In selecting a water source, attention must be given to possible future developments that may influence the continued suitability of the source.
Other considerations include
Quantity (source capacity): The quantity of water should be sufficient to meet continuing demands taking into account daily and seasonal variations and projected growth in the size of the community being served.
Quality: The quality of raw water should meet the drinking water standards after appropriate treatment.
Protection: The watershed must be protected from pollution with human excreta, industrial discharge and agricultural run-off.
Feasibility: The source should be available at reasonable cost.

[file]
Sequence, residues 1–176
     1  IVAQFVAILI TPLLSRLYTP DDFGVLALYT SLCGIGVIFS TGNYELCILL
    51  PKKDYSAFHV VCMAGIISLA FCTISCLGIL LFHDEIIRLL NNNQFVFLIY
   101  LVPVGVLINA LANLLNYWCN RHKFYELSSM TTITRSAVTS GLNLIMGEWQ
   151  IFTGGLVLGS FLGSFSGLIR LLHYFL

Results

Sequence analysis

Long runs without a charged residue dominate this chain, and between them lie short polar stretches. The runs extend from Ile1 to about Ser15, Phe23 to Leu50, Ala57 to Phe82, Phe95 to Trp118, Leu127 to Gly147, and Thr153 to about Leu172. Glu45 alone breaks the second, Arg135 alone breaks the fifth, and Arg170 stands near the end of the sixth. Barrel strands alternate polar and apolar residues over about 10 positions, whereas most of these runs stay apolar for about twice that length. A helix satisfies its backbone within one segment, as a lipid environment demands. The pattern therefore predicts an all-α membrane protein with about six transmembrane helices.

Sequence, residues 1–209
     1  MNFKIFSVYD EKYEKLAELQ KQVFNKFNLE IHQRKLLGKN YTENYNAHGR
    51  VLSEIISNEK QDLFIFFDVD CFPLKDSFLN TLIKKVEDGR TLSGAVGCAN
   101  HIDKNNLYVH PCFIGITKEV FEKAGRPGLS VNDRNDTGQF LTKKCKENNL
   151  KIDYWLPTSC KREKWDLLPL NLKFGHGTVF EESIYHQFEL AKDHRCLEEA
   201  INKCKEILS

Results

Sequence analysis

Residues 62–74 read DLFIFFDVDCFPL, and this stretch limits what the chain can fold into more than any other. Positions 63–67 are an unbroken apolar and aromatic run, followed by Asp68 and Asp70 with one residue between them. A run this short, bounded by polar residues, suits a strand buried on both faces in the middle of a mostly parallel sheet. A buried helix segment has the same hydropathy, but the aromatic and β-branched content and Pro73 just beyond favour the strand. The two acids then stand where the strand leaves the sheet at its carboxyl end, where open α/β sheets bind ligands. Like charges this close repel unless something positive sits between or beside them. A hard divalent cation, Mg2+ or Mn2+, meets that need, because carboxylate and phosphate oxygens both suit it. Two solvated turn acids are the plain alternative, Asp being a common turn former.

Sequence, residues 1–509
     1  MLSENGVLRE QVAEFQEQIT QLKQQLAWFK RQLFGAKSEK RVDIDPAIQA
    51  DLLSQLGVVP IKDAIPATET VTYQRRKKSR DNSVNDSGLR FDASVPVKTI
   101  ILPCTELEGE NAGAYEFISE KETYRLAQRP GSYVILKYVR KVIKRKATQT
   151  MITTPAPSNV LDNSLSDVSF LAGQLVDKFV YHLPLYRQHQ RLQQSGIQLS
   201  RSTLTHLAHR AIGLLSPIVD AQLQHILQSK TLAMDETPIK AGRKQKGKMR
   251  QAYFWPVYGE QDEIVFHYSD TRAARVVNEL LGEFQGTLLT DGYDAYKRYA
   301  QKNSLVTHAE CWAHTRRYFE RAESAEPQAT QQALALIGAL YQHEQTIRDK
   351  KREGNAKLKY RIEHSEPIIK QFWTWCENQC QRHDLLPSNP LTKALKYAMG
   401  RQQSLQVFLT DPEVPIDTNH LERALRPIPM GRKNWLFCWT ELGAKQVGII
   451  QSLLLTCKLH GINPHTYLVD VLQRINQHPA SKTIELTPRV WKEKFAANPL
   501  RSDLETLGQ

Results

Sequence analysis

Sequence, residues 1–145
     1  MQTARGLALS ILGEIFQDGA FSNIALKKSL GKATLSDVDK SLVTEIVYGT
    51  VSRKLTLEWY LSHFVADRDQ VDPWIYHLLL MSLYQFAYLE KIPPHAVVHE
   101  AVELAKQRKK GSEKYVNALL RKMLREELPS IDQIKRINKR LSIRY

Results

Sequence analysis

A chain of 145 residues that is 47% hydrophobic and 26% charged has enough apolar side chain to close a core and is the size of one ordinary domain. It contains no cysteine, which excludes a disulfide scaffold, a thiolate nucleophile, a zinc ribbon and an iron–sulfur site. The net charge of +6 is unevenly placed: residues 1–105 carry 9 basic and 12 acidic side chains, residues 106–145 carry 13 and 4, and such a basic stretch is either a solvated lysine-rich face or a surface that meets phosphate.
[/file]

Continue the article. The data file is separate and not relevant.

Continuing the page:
Treatability: The raw water should be treated adequately under locally prevailing conditions.
Potential new sources should be examined in the field by qualified and experienced sanitary surveyors and physical, bacteriological and chemical analysis should be carried out prior to final selection of the source. Such information is essential in order to define appropriate water treatment requirements and necessary pollution control measures to protect raw water resources. It is preferable to choose the source that requires the least treatment, is protected from contaminants originating from septic tanks, sewers, cesspools, sullage water and from contamination by users. Maintaining adequate residual chlorine levels in the distribution system is the most reliable indicator of protection against contamination resulting from cross-connection back siphonage, leaks etc.